April 6, 2020
Real estate markets are hot in cities across the United States. Many people are eager to take advantage of these conditions but aren’t sure how. Although we can’t help you make a surefire investment, we can help you with one of the biggest factors you’ll need to consider before you buy: whether the IRS will classify you as an investor or a dealer. This will have a significant impact on your taxes.
You are considered an investor if you purchase real estate with the intention of holding the property for more than one year to realize a financial return. When you sell the property, your gain will typically be taxed at capital gains rates. “Depending on your tax situation, that rate could be as low as zero but as high at 20%,” says Adriane Reams, CPA and Manager. “You’ll definitely want to look into that before you take the plunge.”
What if you end up selling your property at a loss? The tax implications in this scenario represent one of the downsides of buying real estate as an investor rather than a dealer. Because of the way capital losses are deducted, the maximum capital loss you can take is $3,000 a year if you don’t have any offsetting capital gains income. Reams gives us this example: “If you sell at a $9,000 loss, you can deduct the full amount, but it must be done $3,000 at a time over the course of three years. And remember, that is only if you don’t have any offsetting capital gains income.”
A dealer is someone who acquires and sells real estate as part of their everyday business. A house flipper — someone who quickly rehabs and resells properties for short-term profits — is an example.
“The downside of being a dealer,” says Reams, “is that when you sell the property, your gain will be taxed at ordinary income tax rates. Federal income tax can be as high as 37%, depending on your tax bracket. In this sense, it pays to be an investor.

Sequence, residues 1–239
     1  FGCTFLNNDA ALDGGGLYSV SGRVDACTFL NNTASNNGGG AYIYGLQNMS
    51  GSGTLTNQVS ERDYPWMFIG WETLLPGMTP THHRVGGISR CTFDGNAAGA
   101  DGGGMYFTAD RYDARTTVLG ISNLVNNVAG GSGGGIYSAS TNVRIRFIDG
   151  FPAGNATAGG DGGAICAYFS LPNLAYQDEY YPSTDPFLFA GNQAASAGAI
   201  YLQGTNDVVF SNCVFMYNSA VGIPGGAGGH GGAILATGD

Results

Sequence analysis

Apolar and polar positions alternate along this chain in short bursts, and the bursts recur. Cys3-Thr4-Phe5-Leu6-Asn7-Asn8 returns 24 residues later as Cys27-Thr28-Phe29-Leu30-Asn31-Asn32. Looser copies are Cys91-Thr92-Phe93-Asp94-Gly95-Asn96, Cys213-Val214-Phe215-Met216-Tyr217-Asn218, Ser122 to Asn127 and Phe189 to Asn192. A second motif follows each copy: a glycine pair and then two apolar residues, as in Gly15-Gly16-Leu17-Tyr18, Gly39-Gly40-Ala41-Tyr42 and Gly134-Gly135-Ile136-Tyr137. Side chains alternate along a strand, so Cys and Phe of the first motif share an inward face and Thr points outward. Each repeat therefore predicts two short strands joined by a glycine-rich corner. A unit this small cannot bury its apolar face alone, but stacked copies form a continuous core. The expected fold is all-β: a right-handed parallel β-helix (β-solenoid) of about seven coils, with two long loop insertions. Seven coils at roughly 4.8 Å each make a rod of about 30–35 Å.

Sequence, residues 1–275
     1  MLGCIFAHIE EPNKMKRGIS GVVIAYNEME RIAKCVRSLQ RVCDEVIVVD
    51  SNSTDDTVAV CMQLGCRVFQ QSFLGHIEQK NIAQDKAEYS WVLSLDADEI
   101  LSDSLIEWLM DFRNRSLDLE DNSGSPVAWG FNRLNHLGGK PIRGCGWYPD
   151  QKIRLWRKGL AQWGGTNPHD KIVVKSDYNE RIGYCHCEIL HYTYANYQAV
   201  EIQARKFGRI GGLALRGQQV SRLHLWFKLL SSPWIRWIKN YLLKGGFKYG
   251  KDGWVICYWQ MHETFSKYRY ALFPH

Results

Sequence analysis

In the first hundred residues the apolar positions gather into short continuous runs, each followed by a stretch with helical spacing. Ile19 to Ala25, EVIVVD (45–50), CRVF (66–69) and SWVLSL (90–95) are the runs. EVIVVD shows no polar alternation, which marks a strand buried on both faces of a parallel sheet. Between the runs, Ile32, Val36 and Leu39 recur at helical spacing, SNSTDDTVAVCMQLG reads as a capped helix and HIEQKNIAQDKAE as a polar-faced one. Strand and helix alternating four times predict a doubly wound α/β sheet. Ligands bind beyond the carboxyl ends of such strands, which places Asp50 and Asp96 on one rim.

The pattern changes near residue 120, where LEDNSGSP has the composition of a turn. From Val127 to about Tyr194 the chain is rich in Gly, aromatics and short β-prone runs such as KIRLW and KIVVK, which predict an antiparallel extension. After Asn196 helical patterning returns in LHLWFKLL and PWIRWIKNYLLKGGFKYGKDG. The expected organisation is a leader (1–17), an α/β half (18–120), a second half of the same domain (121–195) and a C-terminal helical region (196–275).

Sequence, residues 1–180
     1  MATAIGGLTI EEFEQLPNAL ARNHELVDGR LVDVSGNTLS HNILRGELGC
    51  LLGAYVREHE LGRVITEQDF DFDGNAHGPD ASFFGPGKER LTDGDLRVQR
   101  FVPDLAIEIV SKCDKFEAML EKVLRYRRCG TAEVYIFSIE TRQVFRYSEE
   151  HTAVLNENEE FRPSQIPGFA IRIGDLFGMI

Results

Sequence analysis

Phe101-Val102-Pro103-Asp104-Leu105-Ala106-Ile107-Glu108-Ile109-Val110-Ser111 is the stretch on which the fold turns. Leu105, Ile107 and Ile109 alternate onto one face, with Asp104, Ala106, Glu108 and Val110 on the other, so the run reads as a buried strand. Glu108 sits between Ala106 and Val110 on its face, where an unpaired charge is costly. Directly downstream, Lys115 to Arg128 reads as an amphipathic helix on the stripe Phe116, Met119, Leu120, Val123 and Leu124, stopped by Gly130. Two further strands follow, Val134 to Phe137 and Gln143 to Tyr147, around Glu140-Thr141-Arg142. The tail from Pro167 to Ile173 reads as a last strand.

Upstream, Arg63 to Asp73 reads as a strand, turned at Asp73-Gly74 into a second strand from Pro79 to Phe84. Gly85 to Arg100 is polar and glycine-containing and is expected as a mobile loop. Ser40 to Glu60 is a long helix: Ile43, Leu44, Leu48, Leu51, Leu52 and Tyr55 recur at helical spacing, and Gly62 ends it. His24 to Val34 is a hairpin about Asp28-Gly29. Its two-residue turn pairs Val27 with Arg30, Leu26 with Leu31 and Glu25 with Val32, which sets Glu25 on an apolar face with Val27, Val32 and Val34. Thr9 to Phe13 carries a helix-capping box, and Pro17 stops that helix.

Dealers do have an advantage, however, when it comes to selling at a loss. In that scenario, you can deduct 100% of that loss in full, no matter what your capital gains income is for the year.
A Bit of Both
Can you be both a dealer and an investor? “Absolutely!” Reams tells us. “A dealer can hold real estate as an investment, and an investor can have dealer activities. You simply have to determine, upon the sale of a piece of real estate, the gain and the intention with which it was purchased.”
Purchasing Through a Business Entity?
Perhaps you’re interested in purchasing property through your business. If so, you need to classify your business as an investor or dealer, just like you would as an individual. An investor holds the real estate as a fixed, long-term asset — such as property, plant, and equipment — and depreciates the property over time. A dealer, on the other hand, holds the real estate as inventory, making it a current asset. It is not depreciated over time because it is designed to sell quickly.
Whichever approach appeals to you, you can count on us to correctly report real estate transactions for you and help you manage your balance sheet and profit and loss activity. “If you’re not sure what would be best for your goals, I’d be happy to talk more in depth,” Reams says. “Real estate could be an exciting opportunity for you!”
Contact Adriane at firstname.lastname@example.org or 209-527-4220.